The otherworldly nature surrounding the huge glaciers in Iceland add an air of mystery to most photographs. The edge of the ice age is so alien to most of us who live in the more populated zones of the Earth. This alien landscape becomes even more bizarre at night because everything becomes ghostly through a long exposure. This is the best place you could possibly stand to photograph the Northern lights. Once you have captured floating glacier icebergs with an aurora reflecting in the still lake, it is difficult to top.
I often use f/2.8 for Northern lights photography. On an f/1.4 lens, the f/2.8 is fairly sharp. There is slight coma in the outer edges, but most stars come out crisp and sharp.
The floating ice in the lower part of the image resembles an angel’s wing. This is my centrepiece so I placed it in the lower third intersection (roughly speaking – no guidelines). I wanted to include a lot of sky to capture more aurora, but also wanted space below the angel’s wing for the reflected northern lights to shine. I adjusted my tripod height so that it was possible to see the mass of ice behind the angel’s wing.
24mm is my widest angle. I am using Canon’s prime “L” series lens. Sometimes I am in the same situation and the Aurora is blazing across the whole sky which makes me want a 17mm or even wider. However, with a little bit of Zen patience, I always get a reasonable frame where a nice aurora shape sits well in the 24mm frame.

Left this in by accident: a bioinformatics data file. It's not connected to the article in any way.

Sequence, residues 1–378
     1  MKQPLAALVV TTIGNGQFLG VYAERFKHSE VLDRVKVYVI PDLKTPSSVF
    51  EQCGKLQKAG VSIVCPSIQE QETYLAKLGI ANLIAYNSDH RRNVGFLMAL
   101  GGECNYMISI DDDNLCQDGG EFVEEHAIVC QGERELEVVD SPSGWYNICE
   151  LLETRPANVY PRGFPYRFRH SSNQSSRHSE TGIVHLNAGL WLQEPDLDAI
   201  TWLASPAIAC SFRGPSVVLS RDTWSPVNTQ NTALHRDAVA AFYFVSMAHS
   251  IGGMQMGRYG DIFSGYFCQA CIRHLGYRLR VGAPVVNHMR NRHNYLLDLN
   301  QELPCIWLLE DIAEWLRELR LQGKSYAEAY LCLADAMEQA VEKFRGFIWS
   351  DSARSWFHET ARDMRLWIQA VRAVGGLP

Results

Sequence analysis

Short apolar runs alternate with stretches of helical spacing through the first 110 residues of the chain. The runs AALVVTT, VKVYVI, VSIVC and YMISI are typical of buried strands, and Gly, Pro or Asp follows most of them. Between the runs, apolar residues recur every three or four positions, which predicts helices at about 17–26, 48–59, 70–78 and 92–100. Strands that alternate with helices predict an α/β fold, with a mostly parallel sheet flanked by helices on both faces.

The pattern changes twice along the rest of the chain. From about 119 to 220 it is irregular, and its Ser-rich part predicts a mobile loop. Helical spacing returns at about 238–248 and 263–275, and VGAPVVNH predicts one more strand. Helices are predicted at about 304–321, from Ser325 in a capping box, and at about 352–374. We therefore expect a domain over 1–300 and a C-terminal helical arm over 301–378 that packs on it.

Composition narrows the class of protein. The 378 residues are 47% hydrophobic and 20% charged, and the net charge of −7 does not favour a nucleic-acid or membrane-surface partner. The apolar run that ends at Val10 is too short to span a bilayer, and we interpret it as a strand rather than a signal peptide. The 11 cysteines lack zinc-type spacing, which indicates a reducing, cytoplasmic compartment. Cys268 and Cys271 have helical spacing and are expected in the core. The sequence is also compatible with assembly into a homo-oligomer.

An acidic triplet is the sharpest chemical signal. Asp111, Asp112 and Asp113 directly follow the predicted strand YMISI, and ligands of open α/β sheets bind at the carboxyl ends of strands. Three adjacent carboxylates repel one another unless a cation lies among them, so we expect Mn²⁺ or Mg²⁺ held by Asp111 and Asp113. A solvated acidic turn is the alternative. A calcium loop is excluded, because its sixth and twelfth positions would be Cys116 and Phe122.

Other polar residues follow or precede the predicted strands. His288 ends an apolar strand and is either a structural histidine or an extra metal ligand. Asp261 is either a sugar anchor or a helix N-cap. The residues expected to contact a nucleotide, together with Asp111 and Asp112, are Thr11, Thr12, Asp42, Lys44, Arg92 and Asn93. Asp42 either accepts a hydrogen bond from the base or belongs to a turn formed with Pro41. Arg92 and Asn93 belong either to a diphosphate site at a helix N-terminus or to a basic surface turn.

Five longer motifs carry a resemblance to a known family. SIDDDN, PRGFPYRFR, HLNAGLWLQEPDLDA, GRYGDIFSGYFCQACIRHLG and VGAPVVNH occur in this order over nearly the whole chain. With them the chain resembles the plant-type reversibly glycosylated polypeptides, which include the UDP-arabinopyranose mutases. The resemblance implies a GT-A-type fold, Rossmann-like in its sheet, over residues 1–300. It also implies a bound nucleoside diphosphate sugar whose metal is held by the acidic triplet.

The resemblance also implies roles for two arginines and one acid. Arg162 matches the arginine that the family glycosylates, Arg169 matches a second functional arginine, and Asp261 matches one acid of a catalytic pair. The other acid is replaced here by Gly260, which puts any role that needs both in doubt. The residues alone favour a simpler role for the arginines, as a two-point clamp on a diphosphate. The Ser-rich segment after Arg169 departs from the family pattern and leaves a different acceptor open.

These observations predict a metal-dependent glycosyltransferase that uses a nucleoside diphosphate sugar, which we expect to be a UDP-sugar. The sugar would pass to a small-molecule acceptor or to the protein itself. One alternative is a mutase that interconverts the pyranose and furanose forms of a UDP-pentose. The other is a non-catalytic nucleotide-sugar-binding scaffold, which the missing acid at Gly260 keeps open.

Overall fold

Taken on December 12, 2010
Location: Jokulsarlon glacier lagoon.
- Canon EOS 5D Mark III
- EF24mm f/1.4L II USM
- Medium weight Gitzo
- 6 stop B&W ND filter
- Magic Cloth = Black Winter glove.
Long exposure = 30 seconds.
The Magic Cloth action would have involved complete hands off for around 15 seconds. Then I start from below my lens and bring the Magic Cloth carefully up to cover the whole lens. Then I continue to move the cloth up to expose the lower part of the image, but only to the half way point on the lens. It is important not to allow any more exposure of the sky, or you will end up with dotted stars (where each star is exposed again, but in a slightly different position.
Using my 30 sec setting in manual mode is a sign of laziness. I should have been using my remote in Bulb mode for more control over the shutter speed. However I do have a few excuses for 30 seconds. It is good for short star trails to keep the exposure under 20 seconds (at east on a 24mm lens). The floating ice was moving slightly, so although it would have been better to give a longer exposure to the foreground, it would have resulted in blurred ice.
This Northern Lights shot was blessed with a superb wash of ocean during the exposure.
We found ourselves looking at a declining Aurora forecast. Not to be defeated, we decided to head back to Vestrahorn anyway with a view to doing star trails or some form of night photography.
This article is about Jökulsarlon and the aurora experience, but mostly it is an examination of how we can become complacent in the presence of great beauty.